In Theorizing Black Feminism: The Visionary Pragmatism of Black Women edited by Stanley M. James and Abena Busia, James says that black feminism "is rooted in Black communities and nourished by them even as it challenges those very communities to address issues of internal oppression." This theme appears and reappears in Passionate Pursuits through Bowen's stories and in those of the many people whose lives she has influenced.

Passionate Pursuits brings us into Bowen's worlds: the world of black dance performance and teaching, beginning in the 1950s and taking us to the stages of Boston, New York and Europe as well as into two schools for Black dance and culture, one in Boston and one in Connecticut; the Black Arts, Women's Liberation, and Lesbian and Gay Liberation movements from the late seventies to the early 1990s; and into classrooms at California State University, Long Beach where Bowen has been teaching in the Women's Studies Department for over a decade as her department's first black professor in its thirty year history.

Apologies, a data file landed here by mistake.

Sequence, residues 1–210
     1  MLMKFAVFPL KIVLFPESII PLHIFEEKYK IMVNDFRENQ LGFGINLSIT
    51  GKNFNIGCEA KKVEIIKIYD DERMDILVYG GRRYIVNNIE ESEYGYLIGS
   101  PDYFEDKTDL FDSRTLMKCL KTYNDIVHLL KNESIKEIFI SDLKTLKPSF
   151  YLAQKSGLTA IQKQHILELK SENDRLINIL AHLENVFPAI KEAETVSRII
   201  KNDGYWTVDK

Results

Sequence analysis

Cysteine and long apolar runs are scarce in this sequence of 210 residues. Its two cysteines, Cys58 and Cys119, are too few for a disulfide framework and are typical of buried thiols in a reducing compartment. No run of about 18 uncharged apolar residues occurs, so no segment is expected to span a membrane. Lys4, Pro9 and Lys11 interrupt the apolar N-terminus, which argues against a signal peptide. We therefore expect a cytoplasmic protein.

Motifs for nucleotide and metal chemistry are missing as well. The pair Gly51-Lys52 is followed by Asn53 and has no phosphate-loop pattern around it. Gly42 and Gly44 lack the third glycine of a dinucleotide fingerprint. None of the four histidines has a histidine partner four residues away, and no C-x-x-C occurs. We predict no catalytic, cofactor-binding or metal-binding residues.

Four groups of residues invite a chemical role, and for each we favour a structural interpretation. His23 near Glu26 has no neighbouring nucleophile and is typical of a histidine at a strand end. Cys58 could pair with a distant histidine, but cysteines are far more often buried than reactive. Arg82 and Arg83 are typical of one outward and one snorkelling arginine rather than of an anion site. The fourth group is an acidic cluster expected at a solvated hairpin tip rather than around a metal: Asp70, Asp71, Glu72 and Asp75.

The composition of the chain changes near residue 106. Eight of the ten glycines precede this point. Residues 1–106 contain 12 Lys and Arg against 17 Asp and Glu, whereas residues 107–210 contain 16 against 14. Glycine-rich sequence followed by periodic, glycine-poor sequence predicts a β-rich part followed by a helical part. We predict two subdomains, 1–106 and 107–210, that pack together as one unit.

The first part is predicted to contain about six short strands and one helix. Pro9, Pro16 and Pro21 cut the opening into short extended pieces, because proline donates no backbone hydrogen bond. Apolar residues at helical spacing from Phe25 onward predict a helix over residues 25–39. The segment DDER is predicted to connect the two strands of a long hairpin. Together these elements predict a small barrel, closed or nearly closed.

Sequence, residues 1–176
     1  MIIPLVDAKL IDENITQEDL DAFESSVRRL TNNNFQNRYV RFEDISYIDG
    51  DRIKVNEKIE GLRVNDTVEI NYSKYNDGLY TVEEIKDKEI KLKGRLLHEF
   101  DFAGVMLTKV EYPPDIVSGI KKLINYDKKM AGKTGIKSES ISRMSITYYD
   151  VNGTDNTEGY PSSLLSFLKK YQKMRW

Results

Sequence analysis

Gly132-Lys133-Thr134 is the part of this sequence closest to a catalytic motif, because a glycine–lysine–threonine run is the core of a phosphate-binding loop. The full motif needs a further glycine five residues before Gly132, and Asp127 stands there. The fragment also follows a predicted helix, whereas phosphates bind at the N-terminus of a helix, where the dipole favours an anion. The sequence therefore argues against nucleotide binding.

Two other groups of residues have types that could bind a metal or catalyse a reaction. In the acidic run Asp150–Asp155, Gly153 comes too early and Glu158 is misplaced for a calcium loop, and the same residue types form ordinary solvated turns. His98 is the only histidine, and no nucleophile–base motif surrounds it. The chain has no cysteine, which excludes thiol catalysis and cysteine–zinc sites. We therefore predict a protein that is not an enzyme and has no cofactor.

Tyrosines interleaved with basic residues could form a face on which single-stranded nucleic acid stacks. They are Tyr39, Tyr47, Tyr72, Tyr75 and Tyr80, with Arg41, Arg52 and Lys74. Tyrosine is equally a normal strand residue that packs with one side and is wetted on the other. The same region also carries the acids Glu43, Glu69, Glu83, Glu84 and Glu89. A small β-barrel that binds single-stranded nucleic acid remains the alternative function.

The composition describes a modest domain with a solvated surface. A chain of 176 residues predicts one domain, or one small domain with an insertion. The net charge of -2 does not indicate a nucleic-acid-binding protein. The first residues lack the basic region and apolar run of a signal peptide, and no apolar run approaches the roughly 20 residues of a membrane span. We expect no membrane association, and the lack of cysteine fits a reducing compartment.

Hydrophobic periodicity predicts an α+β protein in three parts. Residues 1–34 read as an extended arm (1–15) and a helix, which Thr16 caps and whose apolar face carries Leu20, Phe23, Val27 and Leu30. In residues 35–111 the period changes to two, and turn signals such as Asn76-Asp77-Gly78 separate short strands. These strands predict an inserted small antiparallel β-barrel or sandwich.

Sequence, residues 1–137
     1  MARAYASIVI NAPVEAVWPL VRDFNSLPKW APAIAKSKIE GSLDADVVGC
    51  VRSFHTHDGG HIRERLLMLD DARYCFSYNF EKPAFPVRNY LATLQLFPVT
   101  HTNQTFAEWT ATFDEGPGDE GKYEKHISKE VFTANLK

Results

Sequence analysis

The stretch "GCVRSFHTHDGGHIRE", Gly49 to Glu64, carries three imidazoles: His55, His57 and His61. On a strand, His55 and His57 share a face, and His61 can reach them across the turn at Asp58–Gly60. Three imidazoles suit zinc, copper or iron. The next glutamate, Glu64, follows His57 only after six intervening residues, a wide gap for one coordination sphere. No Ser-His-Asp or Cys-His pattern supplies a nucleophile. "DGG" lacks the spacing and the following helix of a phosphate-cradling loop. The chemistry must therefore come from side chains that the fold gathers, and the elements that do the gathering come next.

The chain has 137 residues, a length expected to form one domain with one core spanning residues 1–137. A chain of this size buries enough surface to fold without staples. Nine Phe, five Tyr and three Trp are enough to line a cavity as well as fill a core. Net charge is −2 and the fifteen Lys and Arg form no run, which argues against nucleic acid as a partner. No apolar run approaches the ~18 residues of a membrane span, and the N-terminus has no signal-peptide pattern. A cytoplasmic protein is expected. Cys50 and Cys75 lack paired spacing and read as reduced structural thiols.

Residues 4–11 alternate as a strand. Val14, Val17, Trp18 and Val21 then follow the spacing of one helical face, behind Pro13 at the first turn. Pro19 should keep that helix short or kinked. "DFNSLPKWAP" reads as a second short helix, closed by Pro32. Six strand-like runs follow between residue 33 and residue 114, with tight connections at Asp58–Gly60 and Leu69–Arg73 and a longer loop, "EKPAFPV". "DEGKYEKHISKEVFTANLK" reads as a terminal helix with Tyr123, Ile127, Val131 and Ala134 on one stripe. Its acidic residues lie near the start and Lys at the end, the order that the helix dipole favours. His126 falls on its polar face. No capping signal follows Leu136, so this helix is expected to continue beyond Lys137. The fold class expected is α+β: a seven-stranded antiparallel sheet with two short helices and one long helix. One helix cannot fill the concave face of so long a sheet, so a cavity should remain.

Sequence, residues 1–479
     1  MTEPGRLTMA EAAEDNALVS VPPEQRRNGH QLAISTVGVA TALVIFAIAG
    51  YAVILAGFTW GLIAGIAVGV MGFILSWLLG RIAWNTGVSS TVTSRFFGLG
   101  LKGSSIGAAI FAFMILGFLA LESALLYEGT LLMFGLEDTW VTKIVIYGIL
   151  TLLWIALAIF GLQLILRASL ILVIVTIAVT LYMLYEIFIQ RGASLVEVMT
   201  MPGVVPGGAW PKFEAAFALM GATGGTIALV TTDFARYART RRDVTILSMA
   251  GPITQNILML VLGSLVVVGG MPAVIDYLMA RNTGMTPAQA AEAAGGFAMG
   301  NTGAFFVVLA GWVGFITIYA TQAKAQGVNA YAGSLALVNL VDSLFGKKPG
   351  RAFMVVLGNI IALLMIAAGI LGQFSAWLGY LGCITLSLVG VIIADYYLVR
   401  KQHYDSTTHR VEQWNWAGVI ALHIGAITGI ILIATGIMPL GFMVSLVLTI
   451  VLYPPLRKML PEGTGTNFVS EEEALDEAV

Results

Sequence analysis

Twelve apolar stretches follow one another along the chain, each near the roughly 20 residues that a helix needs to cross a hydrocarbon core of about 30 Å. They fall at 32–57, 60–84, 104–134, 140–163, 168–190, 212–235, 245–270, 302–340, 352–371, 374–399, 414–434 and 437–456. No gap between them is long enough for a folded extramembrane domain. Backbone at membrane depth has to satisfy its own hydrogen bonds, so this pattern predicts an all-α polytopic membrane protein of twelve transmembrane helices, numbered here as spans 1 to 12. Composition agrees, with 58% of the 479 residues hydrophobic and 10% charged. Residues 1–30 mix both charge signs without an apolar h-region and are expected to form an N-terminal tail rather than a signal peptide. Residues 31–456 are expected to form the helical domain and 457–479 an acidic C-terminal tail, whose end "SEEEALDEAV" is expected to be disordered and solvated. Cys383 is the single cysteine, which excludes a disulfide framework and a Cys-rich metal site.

Project's Financial Needs

The funds are critically needed to work with an editor to create a trailer and narrative timeline. There are over one hundred tapes catalogued. $1,000 dollars is needed to transfer four historic super-eight videotapes containing Bowen's choreography and student/company dance performances to DV.

Other financial Support

I am a UCLA Research Scholar based on this project. Hoff Foundation, Post Production, $1,000 one of three awardees summer 2008